Roy wielded the willow

Roy McLean was an exhilarating, if maddeningly inconsistent, middle-order batsman who brought much-needed dash and colour to dour South African sides during the 1950s.

Roy McLean was an exhilarating, if maddeningly inconsistent, middle-order batsman who brought much-needed dash and colour to dour South African sides during the 1950s.

He was a notoriously bad starter, with 11 ducks in his 40 Tests, but once settled he could score rapidly against the best with ferocious hooking and cutting.

A typical McLean innings was his 142 against England at Lord's in 1955, made from 196 balls against Fred Trueman, Brian Statham, Trevor Bailey and Johnny Wardle. He rode his luck, being dropped several times, but it was a display of aggressive batting which included a six and 21 fours.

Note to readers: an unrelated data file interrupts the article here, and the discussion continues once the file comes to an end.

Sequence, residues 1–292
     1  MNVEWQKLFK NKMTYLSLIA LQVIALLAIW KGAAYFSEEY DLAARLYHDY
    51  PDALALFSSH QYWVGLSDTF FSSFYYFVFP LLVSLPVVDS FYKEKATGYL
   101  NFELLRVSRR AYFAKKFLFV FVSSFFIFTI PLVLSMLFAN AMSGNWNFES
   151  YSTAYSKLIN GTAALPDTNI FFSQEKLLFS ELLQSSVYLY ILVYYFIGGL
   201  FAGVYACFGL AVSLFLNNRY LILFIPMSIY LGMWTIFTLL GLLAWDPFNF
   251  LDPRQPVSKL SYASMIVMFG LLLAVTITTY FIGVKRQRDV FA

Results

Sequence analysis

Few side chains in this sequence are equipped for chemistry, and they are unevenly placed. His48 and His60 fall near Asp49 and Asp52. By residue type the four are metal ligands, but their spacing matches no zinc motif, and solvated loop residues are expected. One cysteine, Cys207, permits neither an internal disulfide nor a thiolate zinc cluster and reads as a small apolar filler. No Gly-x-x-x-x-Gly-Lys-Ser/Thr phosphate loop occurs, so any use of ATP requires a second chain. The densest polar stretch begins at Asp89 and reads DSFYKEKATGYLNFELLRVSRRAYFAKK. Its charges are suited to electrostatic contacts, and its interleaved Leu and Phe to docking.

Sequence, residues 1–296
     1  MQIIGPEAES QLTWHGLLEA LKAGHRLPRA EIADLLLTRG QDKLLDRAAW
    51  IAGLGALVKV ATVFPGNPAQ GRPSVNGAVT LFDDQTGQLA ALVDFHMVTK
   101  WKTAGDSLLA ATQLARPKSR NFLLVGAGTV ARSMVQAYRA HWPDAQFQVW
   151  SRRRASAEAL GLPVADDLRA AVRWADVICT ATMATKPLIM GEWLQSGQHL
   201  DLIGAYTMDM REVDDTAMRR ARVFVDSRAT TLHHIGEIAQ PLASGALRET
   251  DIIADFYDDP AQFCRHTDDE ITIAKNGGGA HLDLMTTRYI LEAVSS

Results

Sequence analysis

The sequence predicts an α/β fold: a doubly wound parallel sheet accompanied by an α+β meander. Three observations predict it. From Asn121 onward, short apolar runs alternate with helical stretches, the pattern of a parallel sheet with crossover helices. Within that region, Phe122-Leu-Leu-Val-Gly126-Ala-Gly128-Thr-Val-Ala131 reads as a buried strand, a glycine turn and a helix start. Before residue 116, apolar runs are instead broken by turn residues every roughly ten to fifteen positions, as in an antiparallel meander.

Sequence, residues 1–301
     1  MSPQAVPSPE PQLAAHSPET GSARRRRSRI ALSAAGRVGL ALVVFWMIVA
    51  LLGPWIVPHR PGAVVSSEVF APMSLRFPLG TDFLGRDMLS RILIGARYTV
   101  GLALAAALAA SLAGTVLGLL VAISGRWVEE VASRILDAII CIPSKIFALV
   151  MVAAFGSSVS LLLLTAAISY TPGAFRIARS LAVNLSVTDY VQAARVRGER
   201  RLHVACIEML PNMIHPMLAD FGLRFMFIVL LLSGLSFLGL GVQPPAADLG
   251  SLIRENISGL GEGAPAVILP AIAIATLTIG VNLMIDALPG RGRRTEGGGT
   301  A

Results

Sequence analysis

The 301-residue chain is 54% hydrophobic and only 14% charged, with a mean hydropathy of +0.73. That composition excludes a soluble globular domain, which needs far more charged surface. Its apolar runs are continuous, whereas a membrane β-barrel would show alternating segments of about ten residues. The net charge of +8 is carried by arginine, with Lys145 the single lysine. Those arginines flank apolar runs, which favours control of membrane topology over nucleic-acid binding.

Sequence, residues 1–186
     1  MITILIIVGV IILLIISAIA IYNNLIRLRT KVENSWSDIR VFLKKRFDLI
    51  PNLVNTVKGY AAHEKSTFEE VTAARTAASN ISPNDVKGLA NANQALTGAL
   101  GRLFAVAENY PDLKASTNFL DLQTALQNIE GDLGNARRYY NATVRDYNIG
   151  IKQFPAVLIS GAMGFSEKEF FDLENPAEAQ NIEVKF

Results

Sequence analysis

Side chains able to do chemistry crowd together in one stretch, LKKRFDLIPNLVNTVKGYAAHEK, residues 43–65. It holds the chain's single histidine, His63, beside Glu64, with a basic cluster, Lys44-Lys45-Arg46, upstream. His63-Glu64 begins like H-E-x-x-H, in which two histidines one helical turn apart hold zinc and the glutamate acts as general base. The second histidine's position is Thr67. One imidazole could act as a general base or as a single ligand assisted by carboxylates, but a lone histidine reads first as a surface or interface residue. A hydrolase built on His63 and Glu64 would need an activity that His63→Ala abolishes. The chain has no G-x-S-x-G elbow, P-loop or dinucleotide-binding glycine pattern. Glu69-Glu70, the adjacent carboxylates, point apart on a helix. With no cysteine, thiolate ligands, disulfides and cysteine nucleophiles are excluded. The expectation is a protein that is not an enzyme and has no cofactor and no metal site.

An instinct to attack from the start meant that he always gave bowlers a chance and his 2120 test runs were made at a modest average of 30. But if other South Africans of the period, such as the dogged opener Jackie McGlew, were more effective, McLean gave greater pleasure.

McLean was born in Pietermaritzburg, Natal, in 1930. He represented Natal at both cricket and rugby.

He played his first Tests during the tour of England in 1951. In 1952-53 he was a member of Jack Cheetham's side that halved the series in Australia.

His first Test century came against New Zealand at Durban in 1953-54, and he toured England again in 1955. He followed his 142 at Lord's with a rapid 50 in a run chase at Old Trafford, helping his side to victory with nine balls to spare.

Roy McLean was born on July 9 1930. He died on August 26, aged 77. - The Times of London

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